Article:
HVAC Sales Are on the Rise: Will 2018 Be a Record-Breaking Year?
The year is more than half over, and air conditioning and heat pump unit shipments are on track to bring 2018 numbers closer than ever to 2005’s record-breaking 8.3 million combined units shipped. Year to date, the combined shipment number surpasses 5.5 million units, which is a 6.5 percent increase over the more than 5.2 million units shipped during the same time period in 2017. Monthly combined shipments rose 7.9 percent in May, 3.8 percent in June, and 7.3 percent in July 2018 as compared to 2017.
According to the Air-Conditioning, Heating, and Refrigeration Institute’s (AHRI’s) historical data, the year of 2005 marked the height of the past 20 years (since 1998) for combined air conditioning and heat pump shipments. Previous to that record-breaking year, combined shipment numbers remained above 6 million. Once the housing bubble popped in 2006 and the Great Recession began in 2007, a steady decline in combined shipment numbers occurred, bottoming out in 2010 at 5,061,354.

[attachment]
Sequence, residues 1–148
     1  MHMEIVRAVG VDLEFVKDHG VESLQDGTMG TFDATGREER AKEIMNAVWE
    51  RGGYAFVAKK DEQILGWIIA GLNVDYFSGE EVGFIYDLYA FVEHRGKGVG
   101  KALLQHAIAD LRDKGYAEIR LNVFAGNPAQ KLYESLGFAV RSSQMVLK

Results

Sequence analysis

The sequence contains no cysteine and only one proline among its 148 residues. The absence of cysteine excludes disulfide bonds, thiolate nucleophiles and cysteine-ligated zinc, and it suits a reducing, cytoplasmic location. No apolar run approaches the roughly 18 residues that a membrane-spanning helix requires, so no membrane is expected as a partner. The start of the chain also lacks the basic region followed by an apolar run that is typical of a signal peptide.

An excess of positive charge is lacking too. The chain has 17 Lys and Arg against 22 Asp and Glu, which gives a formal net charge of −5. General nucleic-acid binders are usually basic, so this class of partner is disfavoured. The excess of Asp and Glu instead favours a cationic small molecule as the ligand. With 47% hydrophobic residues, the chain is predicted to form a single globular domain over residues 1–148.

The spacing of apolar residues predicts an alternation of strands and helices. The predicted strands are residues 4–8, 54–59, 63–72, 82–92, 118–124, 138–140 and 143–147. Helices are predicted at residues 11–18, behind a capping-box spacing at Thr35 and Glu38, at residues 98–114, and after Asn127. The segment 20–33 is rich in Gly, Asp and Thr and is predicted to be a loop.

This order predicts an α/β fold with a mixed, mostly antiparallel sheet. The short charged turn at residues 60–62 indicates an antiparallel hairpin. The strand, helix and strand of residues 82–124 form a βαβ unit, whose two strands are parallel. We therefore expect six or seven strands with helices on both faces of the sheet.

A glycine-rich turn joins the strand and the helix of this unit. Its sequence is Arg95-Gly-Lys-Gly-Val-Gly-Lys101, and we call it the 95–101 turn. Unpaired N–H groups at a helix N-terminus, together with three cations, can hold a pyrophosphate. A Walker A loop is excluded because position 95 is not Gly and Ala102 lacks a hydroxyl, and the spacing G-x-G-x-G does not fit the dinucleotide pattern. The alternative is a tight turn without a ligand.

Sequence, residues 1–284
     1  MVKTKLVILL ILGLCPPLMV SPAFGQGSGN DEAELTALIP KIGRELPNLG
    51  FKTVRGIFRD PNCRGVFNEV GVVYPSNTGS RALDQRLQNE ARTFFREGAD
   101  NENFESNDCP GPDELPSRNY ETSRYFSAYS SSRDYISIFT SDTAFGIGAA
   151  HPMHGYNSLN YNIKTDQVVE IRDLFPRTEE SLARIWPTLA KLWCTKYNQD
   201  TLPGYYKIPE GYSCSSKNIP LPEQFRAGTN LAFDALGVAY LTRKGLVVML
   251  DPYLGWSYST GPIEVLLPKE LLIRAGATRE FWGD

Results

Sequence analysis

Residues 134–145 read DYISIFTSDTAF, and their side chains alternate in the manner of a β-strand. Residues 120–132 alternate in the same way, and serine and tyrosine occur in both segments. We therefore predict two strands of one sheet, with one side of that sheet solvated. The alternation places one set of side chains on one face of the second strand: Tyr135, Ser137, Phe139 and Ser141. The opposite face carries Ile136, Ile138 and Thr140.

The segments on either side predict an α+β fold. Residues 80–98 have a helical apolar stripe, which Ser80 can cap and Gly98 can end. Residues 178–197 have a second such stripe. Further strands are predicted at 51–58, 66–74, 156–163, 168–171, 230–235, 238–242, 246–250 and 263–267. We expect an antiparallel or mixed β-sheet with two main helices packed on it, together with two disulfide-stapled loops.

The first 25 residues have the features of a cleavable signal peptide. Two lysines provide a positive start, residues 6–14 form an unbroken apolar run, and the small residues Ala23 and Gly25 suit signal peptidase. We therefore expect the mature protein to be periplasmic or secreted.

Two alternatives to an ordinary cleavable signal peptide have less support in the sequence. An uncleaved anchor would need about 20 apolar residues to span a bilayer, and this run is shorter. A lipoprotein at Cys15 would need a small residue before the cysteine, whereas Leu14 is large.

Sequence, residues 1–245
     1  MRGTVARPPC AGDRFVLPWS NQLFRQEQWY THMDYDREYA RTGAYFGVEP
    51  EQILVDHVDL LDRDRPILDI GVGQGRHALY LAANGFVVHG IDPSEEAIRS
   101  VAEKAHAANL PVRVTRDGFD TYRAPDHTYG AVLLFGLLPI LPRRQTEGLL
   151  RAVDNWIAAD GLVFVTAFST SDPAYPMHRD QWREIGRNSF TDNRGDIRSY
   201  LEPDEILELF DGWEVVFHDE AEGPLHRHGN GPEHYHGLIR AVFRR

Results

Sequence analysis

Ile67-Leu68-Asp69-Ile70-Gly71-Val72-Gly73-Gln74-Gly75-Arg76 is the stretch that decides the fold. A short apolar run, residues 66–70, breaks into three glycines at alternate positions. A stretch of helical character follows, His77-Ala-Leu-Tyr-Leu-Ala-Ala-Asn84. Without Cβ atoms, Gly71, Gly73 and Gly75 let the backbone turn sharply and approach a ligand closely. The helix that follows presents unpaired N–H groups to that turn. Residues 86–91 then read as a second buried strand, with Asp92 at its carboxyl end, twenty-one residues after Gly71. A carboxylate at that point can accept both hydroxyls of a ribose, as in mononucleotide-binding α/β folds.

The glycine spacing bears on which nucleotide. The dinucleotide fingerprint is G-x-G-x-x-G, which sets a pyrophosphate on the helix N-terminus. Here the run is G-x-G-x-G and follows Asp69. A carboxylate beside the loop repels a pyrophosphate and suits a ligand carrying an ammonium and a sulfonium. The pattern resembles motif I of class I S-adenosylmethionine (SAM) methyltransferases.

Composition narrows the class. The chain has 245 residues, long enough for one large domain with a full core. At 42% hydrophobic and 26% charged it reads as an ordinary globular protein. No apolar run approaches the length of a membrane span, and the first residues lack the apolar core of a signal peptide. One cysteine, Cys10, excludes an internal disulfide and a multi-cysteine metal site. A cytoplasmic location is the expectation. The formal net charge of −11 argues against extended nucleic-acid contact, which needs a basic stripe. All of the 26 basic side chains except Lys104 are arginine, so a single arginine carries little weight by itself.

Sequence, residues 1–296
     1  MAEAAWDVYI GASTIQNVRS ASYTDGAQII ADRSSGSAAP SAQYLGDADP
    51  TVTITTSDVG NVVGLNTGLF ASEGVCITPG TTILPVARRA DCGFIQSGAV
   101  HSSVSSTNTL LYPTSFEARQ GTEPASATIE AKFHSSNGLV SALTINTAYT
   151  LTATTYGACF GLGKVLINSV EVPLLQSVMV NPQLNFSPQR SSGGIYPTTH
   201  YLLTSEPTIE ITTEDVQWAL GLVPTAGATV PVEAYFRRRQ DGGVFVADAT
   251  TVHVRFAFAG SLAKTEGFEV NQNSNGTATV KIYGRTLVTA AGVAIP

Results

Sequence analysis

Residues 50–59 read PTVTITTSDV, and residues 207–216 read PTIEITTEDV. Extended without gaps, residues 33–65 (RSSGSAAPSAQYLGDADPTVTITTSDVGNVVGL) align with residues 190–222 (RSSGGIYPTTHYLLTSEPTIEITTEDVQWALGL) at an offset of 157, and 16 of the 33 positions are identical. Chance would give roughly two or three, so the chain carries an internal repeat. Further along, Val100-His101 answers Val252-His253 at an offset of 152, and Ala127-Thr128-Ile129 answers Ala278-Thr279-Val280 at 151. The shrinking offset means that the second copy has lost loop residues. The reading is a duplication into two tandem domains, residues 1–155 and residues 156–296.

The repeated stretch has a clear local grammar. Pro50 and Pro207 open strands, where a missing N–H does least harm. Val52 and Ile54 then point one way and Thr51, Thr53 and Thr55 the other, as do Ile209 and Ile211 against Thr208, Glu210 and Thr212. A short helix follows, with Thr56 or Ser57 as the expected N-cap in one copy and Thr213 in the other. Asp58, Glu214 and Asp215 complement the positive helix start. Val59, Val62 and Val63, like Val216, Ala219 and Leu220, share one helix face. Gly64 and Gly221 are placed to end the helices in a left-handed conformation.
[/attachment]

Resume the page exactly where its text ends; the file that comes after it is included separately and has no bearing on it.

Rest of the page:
According to the Federal Reserve, the Great Recession started in December of 2007 and lasted through 2009. Unemployment was high, and consumer confidence was low, each contributing to the fact that combined shipment totals remained below 6 million from 2008 through 2013. In 2014, combined shipments jumped to 6.46 million units, up from the 5.89 million units shipped in 2013. And since then, the market hasn’t looked back.
When separating the air conditioner shipments from the heat pump shipments, the story is much the same for unitary. Year to date, air conditioners increased 3.6 percent from 2017, and heat pumps increased 12.4 percent. The 2005 height of the unitary market reached 6,470,976 units. Previous to the 2005 record-breaking year, unitary numbers were above 5 million in 1999 and 2000 as well as every year from 2002-2004. For six out of the eight years previous to the housing market crash — 1998-2005 — unitary shipments were over 5 million units. In 2006, unitary shipments dropped to 4,950,827 units. It steadily declined to 3,419,290 in 2010, where it reached its lowest number since 1998. It took until 2013 to break the 4 million unit threshold again and has steadily climbed, reaching a 5.1 million height in 2017.
The air-source heat pump shipments experienced an increase in 2006 and 2007, totaling more than 2 million units shipped. This helped the combined shipment numbers to decline more slowly than the individual unitary numbers did at the time. However, from 2008-2014, shipments numbers dipped back below the 2 million mark. Finally surpassing that threshold in 2015, air-source heat pumps are on the rise again, with 2017 marking a record-breaking year at 2,619,782 shipments.